3
$\begingroup$

Problem: Let $\Omega\subset\mathbb R^2$ denote the open unit ball in $\mathbb R^2$. Prove that the unbounded function $$f(x)=\log\log\left(1+\frac{1}{\vert x\vert}\right)$$ belongs to $H^1(\Omega).$

My Attempt: Let $\{\varepsilon_n\}_{n=1}^\infty\subset[0,1]$ such that $\varepsilon_n\searrow0$ as $n\to\infty$. Put $\Omega_n=B(0,\varepsilon_n)$. Define the sequence of functions $$f_n(x)=\begin{cases}f(x)&\text{if }x\in\Omega\setminus\Omega_n\\0&\text{otherwise.}\end{cases}$$ Note that $\vert f_n\vert^2\nearrow\vert f\vert^2$ as $n\to\infty$, so by the monotone convergence theorem we have $\|f_n\|_{L^2(\Omega)}^2\to\|f\|_{L^2(\Omega)}^2$ as $n\to\infty$. Using integration in polar coordinates, as shown in Folland's Real Analysis text, we have that \begin{align*} \|f_n\|_{L^2(\Omega)}^2 &=\int_{\Omega\setminus\Omega_n} \vert f(x)\vert^2\,dx=\int_{\Omega\setminus\Omega_n}\left\vert\log\log\left(1+\frac{1}{\vert x\vert}\right)\right\vert^2\,dx\\ &=2\pi\int_{\varepsilon_n}^1 r\left\vert\log\log\left(1+\frac1r\right)\right\vert^2\,dr\\ &\leq2\pi\int_{\varepsilon_n}^1 e^r\,dr\\ &\leq2\pi\int_0^1e^r\,dr\\ &=2\pi e\\ &<\infty. \end{align*} Since the bound above does not depend on $n$, letting $n\to\infty$ shows that $f\in L^2(\Omega)$, by the monotone convergence theorem.
Next, observe that $$\nabla f(x)=\left(-\frac{x_1}{\log\left(1+\frac{1}{\vert x\vert}\right)(1+\vert x\vert)\vert x\vert^2},-\frac{x_2}{\log\left(1+\frac{1}{\vert x\vert}\right)(1+\vert x\vert)\vert x\vert^2}\right),$$ so that $$\vert\nabla f(x)\vert^2=\frac{1}{\log\left(1+\frac1{\vert x\vert}\right)^2(1+\vert x\vert)^2\vert x\vert^2}.$$ Using the same method as above we have that $\|\nabla f_n\|_{L^2(\Omega)}^2\to\|\nabla f\|_{L^2(\Omega)}^2$ by the monotone convergence theorem. Then, integrating in polar coordinates once again, we have \begin{align*} \|\nabla f_n\|_{L^2(\Omega)}^2 &=\int_{\Omega\setminus\Omega_n}\vert\nabla f(x)\vert^2\,dx=\int_{\Omega\setminus\Omega_n}\frac{1}{\log\left(1+\frac1{\vert x\vert}\right)^2(1+\vert x\vert)^2\vert x\vert^2}\,dx\\ &=2\pi\int_{\varepsilon_n}^1\frac{1}{\log\left(1+\frac1{r}\right)^2(1+r)^2r^2}\,dr\\ &\to\infty\quad\text{as }n\to\infty. \end{align*} It follows that $f\notin H^1(\Omega)$ since $\vert\nabla f\vert\notin L^2(\Omega)$.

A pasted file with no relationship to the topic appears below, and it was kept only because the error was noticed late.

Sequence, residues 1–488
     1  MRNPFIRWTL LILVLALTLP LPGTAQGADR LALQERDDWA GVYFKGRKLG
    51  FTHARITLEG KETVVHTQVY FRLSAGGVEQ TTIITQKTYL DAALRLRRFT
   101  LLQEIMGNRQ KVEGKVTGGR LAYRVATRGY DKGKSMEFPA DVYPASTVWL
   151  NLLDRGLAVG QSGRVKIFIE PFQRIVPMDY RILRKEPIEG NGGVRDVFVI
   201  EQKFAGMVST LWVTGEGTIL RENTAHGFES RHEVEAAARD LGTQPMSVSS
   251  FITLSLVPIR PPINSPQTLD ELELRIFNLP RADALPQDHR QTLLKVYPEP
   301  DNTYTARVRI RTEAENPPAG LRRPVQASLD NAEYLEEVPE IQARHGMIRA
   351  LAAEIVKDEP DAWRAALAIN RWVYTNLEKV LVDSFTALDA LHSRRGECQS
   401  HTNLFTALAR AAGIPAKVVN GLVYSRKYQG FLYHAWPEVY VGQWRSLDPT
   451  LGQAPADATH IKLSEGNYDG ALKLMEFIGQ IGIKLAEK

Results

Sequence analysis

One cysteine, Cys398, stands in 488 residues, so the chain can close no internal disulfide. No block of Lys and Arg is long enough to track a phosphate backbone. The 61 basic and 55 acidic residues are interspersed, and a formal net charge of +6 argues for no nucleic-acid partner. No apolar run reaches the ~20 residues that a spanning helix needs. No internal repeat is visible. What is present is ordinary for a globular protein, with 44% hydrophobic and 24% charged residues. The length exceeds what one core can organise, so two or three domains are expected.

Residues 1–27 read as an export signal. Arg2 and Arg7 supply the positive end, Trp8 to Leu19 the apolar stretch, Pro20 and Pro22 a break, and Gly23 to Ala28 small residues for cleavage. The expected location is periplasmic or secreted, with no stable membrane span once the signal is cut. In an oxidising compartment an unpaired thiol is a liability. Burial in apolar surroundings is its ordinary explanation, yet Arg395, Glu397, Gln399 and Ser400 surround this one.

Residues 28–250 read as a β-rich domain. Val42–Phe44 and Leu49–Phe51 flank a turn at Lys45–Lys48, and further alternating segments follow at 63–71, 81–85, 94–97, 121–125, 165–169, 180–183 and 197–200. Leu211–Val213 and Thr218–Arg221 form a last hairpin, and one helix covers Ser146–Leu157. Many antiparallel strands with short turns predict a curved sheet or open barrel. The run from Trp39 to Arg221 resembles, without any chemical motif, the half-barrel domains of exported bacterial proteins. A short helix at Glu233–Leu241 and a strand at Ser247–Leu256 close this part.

Do you agree with my proof above? I am not sure that I fully understood and applied the definition of the Sobolev Space $H^1(\Omega)$, especially in the second part of the proof. Any clarification if I am in the wrong would be much appreciated.
Thank you for your time and valuable feedback.

$\endgroup$
0
2
$\begingroup$

In the computation of $\int_{\Omega}|\nabla f|^2 \,dx$ you forgot $r\,dr$.

Hence the integral converges since $\frac{1}{\log(1+1/r)^2 r(1+r)^2}$ is integrable close to $r=0$ and we get $f\in H^1(\Omega)$.

$\endgroup$

Your Answer

By clicking “Post Your Answer”, you agree to our terms of service, privacy policy and cookie policy

Not the answer you're looking for? Browse other questions tagged or ask your own question.